“Science and Faith can work together” An interview with Rt Revd Dr Emily Onyango about how the Anglican church in Kenya is thinking about science and faith

Around the world, many Anglican churches are on the front line in helping communities as they respond to issues like environmental change, health crises and other humanitarian needs. They often become ‘science communicators’, by sharing information and growing awareness of how science can help address problems impacting people and the planet.

The Rt Revd Dr Emily Onyango became the first female bishop in the Anglican Church of Kenya, in 2021. She has also taught theology at St. Paul’s University in Limaru. She is part of the Anglican Communion Science Commission. The Lambeth Conference team spoke with her about why the church needs to think about faith and science.

In what ways have you seen churches and individuals in your diocese and more widely being ‘Science Communicators’ in community life?

These days, most people appreciate that science plays a massive part in things that happen around them and that it can also help to tackle problems.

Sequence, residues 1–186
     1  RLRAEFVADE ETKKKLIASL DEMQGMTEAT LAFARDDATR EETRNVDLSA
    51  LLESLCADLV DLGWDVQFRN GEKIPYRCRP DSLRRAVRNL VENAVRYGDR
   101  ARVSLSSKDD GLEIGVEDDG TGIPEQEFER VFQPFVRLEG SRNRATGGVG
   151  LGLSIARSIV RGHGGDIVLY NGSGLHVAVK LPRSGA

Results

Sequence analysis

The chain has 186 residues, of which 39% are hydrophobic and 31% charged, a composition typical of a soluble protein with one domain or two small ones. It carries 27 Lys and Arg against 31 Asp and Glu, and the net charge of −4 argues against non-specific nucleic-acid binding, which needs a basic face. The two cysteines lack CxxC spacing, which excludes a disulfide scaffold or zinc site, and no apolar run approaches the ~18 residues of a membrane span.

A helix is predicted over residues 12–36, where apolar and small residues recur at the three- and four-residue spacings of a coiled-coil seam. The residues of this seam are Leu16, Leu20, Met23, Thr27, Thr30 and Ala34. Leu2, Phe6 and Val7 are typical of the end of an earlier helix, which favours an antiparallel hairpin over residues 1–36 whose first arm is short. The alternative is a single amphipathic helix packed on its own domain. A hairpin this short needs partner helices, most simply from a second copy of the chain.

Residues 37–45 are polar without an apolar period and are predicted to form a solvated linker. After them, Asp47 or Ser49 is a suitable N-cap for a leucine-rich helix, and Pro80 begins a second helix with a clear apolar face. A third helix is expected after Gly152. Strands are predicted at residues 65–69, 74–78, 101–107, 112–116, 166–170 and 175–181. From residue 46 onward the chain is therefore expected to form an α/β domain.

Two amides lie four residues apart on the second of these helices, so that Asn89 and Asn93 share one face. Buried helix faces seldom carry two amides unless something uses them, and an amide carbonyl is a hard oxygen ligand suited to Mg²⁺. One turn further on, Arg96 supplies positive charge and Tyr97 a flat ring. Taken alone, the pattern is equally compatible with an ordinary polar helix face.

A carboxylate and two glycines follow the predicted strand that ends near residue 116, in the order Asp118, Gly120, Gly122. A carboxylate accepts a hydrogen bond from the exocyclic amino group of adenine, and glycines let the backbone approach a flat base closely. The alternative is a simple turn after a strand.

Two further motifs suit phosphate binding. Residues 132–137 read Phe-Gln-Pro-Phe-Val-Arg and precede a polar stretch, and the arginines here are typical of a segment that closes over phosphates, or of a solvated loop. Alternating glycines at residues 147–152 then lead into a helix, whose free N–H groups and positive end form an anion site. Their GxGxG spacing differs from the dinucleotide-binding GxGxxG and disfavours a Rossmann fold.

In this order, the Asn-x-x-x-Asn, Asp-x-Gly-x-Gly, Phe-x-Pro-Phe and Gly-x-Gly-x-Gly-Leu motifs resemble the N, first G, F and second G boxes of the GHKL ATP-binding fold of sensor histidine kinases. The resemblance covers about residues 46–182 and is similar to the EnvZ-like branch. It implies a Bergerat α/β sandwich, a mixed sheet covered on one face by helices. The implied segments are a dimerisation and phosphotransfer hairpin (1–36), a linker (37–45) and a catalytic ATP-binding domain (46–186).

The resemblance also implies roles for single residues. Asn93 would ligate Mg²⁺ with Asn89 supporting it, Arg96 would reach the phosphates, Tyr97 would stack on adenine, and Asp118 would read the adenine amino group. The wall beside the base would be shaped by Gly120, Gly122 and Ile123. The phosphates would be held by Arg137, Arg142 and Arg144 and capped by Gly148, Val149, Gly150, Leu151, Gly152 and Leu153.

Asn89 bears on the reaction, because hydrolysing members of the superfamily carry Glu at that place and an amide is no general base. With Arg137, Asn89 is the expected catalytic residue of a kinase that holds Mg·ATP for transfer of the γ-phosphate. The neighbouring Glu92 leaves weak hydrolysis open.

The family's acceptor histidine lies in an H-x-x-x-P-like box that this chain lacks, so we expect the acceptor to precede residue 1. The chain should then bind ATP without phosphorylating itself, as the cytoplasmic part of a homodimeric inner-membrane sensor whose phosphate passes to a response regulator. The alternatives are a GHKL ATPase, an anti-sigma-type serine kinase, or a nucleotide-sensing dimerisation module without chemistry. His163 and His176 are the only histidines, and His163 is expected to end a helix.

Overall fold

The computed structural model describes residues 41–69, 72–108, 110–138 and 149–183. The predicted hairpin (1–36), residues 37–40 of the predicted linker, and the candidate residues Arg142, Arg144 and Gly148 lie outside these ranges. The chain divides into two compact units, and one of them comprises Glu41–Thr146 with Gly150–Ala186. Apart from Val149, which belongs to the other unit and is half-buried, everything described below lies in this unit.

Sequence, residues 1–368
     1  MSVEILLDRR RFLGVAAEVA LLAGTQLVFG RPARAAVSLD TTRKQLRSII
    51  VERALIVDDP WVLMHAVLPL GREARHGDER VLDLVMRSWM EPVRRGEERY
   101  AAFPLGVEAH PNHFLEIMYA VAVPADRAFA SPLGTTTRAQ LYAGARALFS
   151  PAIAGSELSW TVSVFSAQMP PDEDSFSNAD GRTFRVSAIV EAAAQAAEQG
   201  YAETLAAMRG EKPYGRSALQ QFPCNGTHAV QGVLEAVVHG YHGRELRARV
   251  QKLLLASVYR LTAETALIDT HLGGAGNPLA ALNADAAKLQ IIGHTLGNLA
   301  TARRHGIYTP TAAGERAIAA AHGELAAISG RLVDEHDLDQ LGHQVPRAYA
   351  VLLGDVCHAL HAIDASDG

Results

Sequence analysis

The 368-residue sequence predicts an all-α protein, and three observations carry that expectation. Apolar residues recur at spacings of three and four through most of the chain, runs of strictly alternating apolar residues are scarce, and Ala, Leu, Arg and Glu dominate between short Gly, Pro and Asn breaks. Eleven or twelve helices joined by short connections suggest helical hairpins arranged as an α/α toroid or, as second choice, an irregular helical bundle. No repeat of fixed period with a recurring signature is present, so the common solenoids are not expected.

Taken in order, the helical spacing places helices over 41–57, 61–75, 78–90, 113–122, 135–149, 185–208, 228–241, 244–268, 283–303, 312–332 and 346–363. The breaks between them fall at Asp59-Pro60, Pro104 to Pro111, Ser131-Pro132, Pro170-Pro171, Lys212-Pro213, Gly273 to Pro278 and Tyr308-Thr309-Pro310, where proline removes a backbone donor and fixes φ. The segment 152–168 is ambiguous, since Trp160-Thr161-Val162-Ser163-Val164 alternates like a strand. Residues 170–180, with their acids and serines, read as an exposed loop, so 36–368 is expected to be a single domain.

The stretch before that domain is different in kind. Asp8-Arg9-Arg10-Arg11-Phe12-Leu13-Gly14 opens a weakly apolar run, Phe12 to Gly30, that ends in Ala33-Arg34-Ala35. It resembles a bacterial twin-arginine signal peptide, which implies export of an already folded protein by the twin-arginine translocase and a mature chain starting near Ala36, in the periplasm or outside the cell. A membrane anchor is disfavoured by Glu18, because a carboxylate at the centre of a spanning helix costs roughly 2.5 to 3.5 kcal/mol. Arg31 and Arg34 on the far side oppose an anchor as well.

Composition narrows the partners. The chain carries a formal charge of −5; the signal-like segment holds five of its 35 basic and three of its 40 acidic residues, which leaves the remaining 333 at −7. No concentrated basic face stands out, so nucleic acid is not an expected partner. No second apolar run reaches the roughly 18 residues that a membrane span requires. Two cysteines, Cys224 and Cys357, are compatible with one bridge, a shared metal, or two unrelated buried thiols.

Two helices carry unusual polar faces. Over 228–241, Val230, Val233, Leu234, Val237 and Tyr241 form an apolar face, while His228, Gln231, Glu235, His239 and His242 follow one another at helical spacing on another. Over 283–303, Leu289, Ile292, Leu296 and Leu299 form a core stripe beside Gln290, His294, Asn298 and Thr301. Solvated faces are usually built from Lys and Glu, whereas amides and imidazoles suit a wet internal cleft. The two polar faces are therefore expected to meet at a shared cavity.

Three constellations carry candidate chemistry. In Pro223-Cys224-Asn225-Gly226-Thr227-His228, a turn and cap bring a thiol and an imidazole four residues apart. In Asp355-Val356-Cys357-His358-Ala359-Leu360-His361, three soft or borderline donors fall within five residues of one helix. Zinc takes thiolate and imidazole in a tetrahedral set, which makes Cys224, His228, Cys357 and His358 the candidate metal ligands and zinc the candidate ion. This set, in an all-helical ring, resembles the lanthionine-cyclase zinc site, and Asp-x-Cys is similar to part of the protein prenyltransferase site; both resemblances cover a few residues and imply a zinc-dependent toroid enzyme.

In Kenya, people are far more conscious of the importance of vaccines (especially in children’s lives), and the use of hospitals in dealing with health concerns.

The issue of climate change is causing floods and drought and at all levels in the community, you will find people communicating on how to mitigate climate change.

When it comes to food security everybody is becoming conscious of the debate. For example, GMOs and how they affect them.

In what ways has Science made a positive impact on the communities you serve?

In my context, people are turning to science more, in tackling the issues they face. For example, extreme drought and floods, are impacting good crops and food production. But just this week I was chatting with some farmers, who have found phone apps which advise them on how to do more sustainable agriculture. With the use of mobile phones everywhere, technology has really helped at the individual level.